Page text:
Design for engine reliability
Shortening the time to market, improving working practices, improving product performance.
How can engines be built to perform more reliably? Can you limit the risk of engine failure using statistics?
Rolls-Royce, one of the world's largest manufacturers of aircraft engines, has received a boost to its business performance and the confidence of its engines - thanks to software developed by research from City University London.
What did we explore and how?
Researchers at City used survival analysis to model the time between failures in equipment and to understand the risk of failure, the factors influencing the risk and the prediction of the time of failure in engines.
Research in survival analysis and in stochastic operational research began in the 1980s, with the aim of improving the reliability and availability of plant and equipment. The insights gained from this research allowed the removal, avoidance, mitigation and management of failures and their causes.
The software developed as a result of this research, called 4Cast, automates and accelerates the analysis of engine components, modelling their reliability and risk of failure.
For industry partner Rolls-Royce, 4Cast can model the reliability of components, subsystems and entire engines using all kinds of relevant data, so that a business case can be supported for a new engine, or the project rejected based on the expectation for the engine's performance.
4Cast analysis of historical data has even uncovered previously unknown risk factors for engine failures
Benefits and influence of the research
The 4Cast software allows all relevant information known on engine components, their past history and use in the field, to be assessed. This information is then used to predict their behaviour, reliability and expected lifespan, taking account of anticipated operating conditions. It can then model components together to determine the case for subsystems and whole engines.
The 4Cast system has been used extensively at Rolls-Royce since 2006, and has allowed in-house teams to carry out the modelling and analysis, rather than having to make use of external partners.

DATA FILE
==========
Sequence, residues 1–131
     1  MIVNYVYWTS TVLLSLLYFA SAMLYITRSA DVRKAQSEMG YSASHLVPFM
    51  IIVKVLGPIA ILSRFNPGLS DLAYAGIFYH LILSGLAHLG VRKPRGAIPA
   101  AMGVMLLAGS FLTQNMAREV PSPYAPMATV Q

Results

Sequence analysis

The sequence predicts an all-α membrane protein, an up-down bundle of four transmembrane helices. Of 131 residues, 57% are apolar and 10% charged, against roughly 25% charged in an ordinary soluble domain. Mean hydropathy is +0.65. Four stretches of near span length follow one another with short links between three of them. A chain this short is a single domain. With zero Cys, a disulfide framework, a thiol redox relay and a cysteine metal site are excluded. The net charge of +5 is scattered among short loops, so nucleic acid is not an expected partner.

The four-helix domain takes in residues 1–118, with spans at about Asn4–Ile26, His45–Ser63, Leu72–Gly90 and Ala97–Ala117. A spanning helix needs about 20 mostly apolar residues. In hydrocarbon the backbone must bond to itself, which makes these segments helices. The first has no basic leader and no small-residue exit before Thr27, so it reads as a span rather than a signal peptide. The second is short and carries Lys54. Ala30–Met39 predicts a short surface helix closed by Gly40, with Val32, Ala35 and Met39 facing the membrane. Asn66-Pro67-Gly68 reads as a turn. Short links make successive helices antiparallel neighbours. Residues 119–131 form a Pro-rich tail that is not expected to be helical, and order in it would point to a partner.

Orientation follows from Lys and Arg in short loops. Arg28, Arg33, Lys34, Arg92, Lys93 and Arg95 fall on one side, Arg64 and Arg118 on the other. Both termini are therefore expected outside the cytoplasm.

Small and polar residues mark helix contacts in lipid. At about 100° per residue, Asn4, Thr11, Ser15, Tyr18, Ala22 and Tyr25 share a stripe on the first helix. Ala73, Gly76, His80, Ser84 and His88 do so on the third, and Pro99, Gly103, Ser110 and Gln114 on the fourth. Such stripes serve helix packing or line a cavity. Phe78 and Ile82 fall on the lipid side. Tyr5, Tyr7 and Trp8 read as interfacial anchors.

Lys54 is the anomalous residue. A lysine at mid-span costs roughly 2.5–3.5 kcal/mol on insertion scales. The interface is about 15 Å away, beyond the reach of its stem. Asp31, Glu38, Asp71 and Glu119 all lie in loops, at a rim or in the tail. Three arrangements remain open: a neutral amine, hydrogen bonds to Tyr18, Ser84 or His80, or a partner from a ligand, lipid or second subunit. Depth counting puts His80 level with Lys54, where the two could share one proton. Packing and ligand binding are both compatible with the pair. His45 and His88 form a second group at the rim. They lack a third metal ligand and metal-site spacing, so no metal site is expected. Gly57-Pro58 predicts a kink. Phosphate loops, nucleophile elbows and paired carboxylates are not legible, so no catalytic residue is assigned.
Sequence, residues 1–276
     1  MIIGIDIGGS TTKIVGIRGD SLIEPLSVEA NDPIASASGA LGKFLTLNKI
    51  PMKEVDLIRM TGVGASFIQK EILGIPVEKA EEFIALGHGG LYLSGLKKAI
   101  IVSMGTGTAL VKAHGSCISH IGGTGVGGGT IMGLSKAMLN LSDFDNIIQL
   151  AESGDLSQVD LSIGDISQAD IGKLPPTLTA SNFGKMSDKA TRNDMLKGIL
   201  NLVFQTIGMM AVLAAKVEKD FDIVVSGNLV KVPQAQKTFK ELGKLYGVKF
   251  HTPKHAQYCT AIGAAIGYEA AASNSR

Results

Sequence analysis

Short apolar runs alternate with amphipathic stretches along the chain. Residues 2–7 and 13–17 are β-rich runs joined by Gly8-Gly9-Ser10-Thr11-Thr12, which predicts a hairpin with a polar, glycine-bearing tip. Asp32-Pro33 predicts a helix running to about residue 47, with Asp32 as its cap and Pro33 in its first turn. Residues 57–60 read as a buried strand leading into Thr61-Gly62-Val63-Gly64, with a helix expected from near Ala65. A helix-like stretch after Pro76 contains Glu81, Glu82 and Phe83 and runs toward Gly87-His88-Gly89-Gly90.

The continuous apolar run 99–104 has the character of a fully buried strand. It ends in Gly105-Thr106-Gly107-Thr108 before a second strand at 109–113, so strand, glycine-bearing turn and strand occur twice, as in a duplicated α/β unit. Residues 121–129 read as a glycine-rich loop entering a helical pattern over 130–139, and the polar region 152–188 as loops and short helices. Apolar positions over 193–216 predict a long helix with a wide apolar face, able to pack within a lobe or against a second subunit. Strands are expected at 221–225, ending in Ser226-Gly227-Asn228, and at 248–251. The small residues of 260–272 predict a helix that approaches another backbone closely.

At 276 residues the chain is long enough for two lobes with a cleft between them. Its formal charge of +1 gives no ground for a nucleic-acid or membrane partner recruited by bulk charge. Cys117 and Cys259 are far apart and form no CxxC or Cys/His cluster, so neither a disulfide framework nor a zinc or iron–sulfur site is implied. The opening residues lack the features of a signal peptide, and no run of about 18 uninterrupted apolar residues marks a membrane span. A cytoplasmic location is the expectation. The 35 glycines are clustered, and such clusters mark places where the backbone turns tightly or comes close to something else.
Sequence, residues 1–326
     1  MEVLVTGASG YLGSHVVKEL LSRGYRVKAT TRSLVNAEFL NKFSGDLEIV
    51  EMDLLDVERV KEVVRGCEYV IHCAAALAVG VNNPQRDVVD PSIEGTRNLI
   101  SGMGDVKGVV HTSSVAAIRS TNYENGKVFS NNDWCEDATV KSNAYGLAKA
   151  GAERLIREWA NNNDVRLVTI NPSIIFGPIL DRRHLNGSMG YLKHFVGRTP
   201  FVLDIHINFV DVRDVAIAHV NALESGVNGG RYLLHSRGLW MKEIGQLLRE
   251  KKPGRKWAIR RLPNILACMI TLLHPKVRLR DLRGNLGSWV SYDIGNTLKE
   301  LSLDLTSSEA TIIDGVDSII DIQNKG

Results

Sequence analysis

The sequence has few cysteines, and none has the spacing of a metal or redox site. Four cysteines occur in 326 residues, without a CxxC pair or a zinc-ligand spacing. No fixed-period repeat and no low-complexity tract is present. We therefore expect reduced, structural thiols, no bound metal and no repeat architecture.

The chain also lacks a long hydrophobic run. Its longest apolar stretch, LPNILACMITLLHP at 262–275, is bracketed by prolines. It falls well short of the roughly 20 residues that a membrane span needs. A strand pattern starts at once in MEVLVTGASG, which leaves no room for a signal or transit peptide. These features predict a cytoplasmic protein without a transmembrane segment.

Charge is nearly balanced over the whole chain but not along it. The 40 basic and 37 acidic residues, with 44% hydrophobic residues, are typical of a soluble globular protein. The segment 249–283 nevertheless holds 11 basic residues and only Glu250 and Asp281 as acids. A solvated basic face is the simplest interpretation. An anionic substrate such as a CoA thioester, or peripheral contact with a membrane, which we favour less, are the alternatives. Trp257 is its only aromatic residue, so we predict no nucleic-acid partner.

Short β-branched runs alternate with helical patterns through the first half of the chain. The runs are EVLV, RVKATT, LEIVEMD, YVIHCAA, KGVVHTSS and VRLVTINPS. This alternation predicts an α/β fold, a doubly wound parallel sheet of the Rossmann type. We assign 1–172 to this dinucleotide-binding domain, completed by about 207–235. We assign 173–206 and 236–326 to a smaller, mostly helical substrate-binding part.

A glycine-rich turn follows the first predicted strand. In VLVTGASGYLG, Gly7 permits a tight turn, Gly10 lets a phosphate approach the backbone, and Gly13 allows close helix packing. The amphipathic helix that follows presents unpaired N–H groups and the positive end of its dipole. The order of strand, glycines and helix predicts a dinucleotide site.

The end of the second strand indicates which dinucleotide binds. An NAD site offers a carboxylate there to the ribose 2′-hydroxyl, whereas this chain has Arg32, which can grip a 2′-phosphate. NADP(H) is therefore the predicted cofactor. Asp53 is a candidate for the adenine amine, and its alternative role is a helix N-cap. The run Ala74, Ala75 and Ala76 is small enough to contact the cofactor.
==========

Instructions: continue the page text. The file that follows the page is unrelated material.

It is used within Rolls-Royce's process of determining the minimum reliability for an engine that still gives a profitable business case. For example, the engine used for the Airbus 350 aircraft was the first to make use of this software back in 2008, and continues to do so extensively. The software has influenced Rolls-Royce's pioneering approach to engine maintenance, and it has helped improve the performance of their Trent family of engines, which are used in electricity generation.
4Cast analysis of historical data has even uncovered previously unknown risk factors for engine failures.
The software supports the analyses underlying the maintenance planning and support for engines in service through, for example "Power by the Hour". The result is that this software has a significant impact on the business performance at Rolls Royce across the group, and in associated support of the aerospace, marine and energy markets around the world.
- Professor Martin Newby (Principal Investigator)
More about this research
- School of Mathematics, Computer Science and Engineering
- Related academic: Professor Martin Newby
- Status: Completed
- Topics: Engineering
- Industry/sector: Automotive and industrial manufacturing
- Funder: Defence and Aerospace Research Partnerships (DARP)
- Project partners/stakeholders: City, University of London, United Kingdom (Lead Research Organisation) and Rolls-Royce plc
- Publication link: External link